Okay, before we kick off this review I have to have a moment of confession here just so we are all on the same page and you know where I’m coming from. I have NEVER played the first Unravel. There, I said it… So with that in mind there will be no comparisons to the first title in this review as I have no foundational opinion on it in the first place.
Unravel Two, having released on March 22nd for the Switch, is the game I never knew I wanted to play. To be frank, I had no intentions of buying it but always thought it had a little bit of appeal but I decided I was going to take a pass on it because it was just another indie side-scrolling platformer that seems to be in abundance these days. Then….my son wanted it on his Switch, so I gladly went on the eShop from his Switch and forked over the $19.99, downloaded it and he began playing it. The day after he asked me if I could play two player with him so I said sure because what dad DOESN’T want to bond with his son over a game? As soon as I started playing with him and got all the mechanics down I was captivated to say the least!
Also, something to keep in mind is that I never played this game single player. I played through the entirety with my son in two player but I did observe him playing on his own and the switching back and forth between the two characters seemed tedious at first but he eventually got the hang of it and was playing fairly smoothly but really I feel like this is a game best played with a friend.
In Unravel Two you play as two characters made of yarn (or a single character in co-op) who are tethered together and have to make your way through the various levels while cooperating with the other character/player to work together to overcome obstacles. One helpful mechanic is the ability to take your second character and “merge” with the other so you are essentially controlling just one character. This actually helped quite a bit, especially in cases that you had to maneuver around enemies that can “kill” you on contact. Some of the other obstacles certainly present a decent enough challenge while others simply require you to get to a higher area and swing your tethered buddy to the other side. Sounds simple enough and in a lot of cases, it is. Yet there are other challenges that will require you to move sequentially as the ground underneath or the grappling point you are tethered to will crumble after a few short seconds. These levels were difficult to say the least but once you finally reach the end you definitely get that sense of true accomplishment.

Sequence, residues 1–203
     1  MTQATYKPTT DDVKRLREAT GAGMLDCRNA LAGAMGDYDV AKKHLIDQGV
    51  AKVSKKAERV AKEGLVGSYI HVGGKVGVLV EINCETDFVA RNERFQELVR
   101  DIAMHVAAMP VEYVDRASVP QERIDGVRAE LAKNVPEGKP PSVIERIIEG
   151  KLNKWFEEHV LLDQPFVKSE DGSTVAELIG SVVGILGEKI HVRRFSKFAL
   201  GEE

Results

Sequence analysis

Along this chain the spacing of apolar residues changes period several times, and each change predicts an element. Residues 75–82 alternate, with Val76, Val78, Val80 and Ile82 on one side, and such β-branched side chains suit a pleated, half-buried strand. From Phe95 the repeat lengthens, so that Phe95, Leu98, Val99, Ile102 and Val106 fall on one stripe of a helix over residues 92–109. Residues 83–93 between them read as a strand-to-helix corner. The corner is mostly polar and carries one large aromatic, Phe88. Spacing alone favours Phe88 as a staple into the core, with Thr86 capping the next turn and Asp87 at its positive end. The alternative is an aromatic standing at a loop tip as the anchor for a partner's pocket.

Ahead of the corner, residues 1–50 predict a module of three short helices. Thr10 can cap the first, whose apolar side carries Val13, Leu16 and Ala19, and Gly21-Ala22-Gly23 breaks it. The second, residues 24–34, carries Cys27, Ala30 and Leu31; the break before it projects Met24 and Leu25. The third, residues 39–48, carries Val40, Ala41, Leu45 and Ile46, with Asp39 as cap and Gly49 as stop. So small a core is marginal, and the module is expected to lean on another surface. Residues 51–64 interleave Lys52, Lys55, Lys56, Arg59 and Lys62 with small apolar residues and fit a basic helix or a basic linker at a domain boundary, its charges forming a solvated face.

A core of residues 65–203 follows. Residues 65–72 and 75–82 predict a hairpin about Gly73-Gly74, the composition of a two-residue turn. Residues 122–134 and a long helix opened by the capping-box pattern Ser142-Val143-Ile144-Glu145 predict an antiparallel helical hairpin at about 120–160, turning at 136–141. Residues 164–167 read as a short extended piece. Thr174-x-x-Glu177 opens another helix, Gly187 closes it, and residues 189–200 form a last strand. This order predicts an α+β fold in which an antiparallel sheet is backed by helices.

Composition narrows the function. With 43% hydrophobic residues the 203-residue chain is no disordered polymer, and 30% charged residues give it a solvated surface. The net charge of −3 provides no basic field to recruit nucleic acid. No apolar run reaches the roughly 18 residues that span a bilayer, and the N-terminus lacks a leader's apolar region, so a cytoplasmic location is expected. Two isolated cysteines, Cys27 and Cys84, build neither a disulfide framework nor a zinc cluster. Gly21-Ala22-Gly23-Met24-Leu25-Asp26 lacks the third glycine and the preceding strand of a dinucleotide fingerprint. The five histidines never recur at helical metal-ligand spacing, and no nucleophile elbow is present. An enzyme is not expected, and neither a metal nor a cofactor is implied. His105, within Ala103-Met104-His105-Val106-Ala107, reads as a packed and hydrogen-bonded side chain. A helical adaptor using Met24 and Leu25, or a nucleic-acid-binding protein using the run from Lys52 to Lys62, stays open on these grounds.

Graphically speaking, Unravel Two is a beautiful game. That has always been one thought I’ve had since I first saw it and when playing through it with my son I can say that through and through it maintains that highly appealing aesthetic to the very end. You will find yourself venturing through light-hearted areas with plenty of sun to downright dreary with music to accommodate each setting superbly. Speaking of music…
The soundtrack is spot on with compositions with the sound of folk music. Honestly, the music really helps tell the story and without it I don’t think Unravel Two could be the same game. It perfectly assists the gameplay and aesthetics to set the mood and overall “feel” of the game which is something that a lot of puzzle platformers gets wrong. If you like tracks with a lot of violin then this is going to be right up your alley!
I thoroughly enjoyed my time with Unravel Two. It is truly a pleasure to play through, especially in co-op, which is my recommended way to get the most out of this game. You will only get roughly 5 hours of play with just the main story alone (about 6.5 hours if you do the extras) which makes the price point of $19.99 a little steep for what you get but the quality kind of makes it worth it in the end. If you are looking for something to relax to (albeit some of the rougher levels with crumbling floors) and get some enjoyment out of, Unravel Two is certainly the game you have been looking for!
Have you played Unravel Two…or even the first one? Let us know your thoughts and how you felt about the game in the comments below! Thanks for visiting Nintendo Playroom today and feel free to join us in our Community if you are feeling particularly “talky”!
SourceCode, aka Lucas Hughes, is the creator/owner of Nintendo Playroom. He spends his days primarily as a husband/father/programmer/gamer. He loves all things Nintendo and is very passionate about the Nintendo community.